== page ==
Skip to main content

Windows 10 gets official pricing and July launch

Windows 10

The rumours and leaks were true: Microsoft has confirmed that its next flagship operating system, Windows 10, will launch on Wednesday, July 29.

The operating system will be available in 190 territories globally with existing Windows 8.1 and Windows 7 users having one year (i.e. till 29 July 2016) to upgrade to the new operating system.

The current build, 10130, could well be to be the penultimate one with Microsoft likely to launch one or more builds before the final version.

In addition to improving Cortana's interface, the latest build introduced keyboard shortcuts for the Charms bars and new ways to customize the Start menu.


Microsoft stressed the fact that users who update during the promotional period will be able to use Windows 10 at no cost forever (or as the company puts it, for the "supported lifetime of the device").

Microsoft has confirmed that those wanting to download the free Windows 10 upgrade can reserve a free copy in the coming weeks.

For users who are not eligible for Microsoft's upgrade program – those who upgrade outside the first year free offer, or those running a Windows operating system older than Windows 7 – Windows 10 Home will cost $119 (£78, AU$156) and Windows 10 Pro will cost $199 (£131, AU$262) per license, Microsoft confirmed to TechRadar. Windows 10 Home users who want to upgrade to Pro will have to pay an additional $99 (£65, AU$130) for the Windows 10 Pro Pack.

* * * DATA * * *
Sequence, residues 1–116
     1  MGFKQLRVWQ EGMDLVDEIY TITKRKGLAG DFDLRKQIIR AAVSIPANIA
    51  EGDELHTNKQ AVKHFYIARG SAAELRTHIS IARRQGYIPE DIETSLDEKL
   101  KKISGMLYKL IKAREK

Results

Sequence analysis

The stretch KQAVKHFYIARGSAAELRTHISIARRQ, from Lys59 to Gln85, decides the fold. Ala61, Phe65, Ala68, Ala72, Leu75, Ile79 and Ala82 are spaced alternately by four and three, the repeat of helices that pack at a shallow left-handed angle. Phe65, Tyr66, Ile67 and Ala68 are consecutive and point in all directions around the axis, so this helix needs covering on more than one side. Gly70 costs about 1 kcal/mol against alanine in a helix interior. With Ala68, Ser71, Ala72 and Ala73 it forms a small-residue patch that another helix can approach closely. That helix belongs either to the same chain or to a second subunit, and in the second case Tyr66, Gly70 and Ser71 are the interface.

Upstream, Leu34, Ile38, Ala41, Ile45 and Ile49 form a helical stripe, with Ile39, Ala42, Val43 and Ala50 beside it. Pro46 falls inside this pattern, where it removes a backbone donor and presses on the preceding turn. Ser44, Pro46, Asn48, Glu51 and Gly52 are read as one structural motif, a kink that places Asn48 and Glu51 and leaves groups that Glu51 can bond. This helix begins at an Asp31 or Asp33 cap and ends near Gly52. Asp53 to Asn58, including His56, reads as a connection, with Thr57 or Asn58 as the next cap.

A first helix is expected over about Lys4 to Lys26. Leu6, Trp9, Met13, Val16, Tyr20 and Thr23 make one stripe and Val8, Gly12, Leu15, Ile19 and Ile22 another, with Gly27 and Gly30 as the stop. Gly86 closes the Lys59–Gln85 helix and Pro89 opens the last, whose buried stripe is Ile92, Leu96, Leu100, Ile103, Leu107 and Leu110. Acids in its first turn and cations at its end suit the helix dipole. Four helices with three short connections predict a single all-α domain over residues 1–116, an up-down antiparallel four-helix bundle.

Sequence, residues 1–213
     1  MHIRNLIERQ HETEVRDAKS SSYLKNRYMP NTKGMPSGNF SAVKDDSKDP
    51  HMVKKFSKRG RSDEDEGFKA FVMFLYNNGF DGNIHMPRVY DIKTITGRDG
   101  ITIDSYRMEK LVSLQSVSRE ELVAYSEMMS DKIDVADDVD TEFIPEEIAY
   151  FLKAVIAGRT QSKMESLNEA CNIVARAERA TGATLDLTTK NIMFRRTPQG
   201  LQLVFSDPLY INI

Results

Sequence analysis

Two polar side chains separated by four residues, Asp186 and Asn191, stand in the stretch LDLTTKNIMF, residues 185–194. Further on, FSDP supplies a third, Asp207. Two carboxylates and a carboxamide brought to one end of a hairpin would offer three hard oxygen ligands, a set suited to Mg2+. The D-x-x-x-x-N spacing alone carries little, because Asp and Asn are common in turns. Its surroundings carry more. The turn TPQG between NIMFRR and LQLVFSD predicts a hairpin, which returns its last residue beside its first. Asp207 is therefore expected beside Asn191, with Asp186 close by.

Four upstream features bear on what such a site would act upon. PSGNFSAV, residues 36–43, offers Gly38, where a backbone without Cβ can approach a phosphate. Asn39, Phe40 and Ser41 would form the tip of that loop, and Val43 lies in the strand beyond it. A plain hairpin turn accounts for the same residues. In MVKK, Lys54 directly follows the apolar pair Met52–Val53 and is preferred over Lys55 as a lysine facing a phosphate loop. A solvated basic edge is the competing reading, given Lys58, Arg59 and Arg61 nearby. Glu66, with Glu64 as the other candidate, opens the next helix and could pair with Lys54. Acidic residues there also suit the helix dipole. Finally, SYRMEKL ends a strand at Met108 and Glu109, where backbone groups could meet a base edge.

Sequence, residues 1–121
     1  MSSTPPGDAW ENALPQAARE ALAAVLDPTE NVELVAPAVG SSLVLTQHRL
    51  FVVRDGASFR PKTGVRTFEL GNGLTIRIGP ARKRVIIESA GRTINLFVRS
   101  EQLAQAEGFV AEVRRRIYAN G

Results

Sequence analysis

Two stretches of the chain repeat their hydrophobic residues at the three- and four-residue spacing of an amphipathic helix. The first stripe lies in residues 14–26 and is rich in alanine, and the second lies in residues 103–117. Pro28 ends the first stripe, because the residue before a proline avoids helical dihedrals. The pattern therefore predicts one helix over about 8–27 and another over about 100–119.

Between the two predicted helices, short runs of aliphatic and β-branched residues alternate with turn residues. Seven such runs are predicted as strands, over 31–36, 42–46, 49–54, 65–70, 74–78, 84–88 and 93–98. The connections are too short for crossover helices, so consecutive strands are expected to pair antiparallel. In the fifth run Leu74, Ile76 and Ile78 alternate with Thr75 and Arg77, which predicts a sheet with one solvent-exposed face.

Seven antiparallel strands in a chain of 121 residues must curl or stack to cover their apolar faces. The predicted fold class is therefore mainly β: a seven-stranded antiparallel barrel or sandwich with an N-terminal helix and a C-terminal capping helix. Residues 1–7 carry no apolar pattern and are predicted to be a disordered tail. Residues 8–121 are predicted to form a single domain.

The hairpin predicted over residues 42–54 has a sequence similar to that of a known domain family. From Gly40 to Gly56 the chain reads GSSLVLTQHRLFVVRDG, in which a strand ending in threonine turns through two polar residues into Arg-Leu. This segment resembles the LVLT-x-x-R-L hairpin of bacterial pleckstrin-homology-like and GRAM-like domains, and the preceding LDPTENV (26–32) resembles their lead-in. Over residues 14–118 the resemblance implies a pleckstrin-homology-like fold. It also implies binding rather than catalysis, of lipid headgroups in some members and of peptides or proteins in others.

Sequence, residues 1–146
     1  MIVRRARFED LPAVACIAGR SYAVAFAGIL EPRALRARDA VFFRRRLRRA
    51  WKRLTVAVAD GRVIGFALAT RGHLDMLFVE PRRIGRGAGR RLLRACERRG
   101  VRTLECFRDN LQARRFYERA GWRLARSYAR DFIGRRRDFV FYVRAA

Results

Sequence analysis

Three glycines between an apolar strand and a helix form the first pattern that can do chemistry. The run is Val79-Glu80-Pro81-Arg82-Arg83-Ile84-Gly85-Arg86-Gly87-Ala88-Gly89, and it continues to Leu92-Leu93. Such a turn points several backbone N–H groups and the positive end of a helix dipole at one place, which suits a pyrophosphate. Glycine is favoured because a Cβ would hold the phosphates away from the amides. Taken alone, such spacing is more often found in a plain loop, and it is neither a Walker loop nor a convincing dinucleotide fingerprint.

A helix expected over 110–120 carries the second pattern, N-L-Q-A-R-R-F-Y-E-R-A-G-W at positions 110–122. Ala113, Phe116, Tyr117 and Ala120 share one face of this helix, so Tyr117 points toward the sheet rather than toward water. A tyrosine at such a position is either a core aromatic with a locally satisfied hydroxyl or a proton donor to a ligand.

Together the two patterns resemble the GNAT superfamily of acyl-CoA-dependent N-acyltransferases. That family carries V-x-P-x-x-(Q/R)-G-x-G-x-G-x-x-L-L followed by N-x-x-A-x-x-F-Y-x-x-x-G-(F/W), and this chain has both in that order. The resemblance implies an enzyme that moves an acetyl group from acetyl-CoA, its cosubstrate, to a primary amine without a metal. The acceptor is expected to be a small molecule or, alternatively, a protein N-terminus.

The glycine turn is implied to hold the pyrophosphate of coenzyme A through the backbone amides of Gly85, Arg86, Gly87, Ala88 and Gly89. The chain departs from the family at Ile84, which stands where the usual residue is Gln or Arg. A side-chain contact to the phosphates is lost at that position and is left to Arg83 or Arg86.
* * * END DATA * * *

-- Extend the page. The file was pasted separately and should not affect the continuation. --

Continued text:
Desire Athow

Managing Editor, TechRadar Pro

Désiré has been musing and writing about technology during a career spanning four decades. He dabbled in website building and web hosting when DHTML and frames were en vogue and started writing about the impact of technology on society just before the start of the Y2K hysteria at the turn of the last millennium. Then followed a weekly tech column in a local business magazine in Mauritius, a late night tech radio programme called Clicplus and a freelancing gig at the now-defunct, Theinquirer, with the legendary Mike Magee as mentor. Following an eight-year stint at where he discovered the joys of global techfests, Désiré now heads up TechRadar Pro. He has an affinity for anything hardware and staunchly refuses to stop writing reviews of obscure products or cover niche B2B software-as-a-service providers.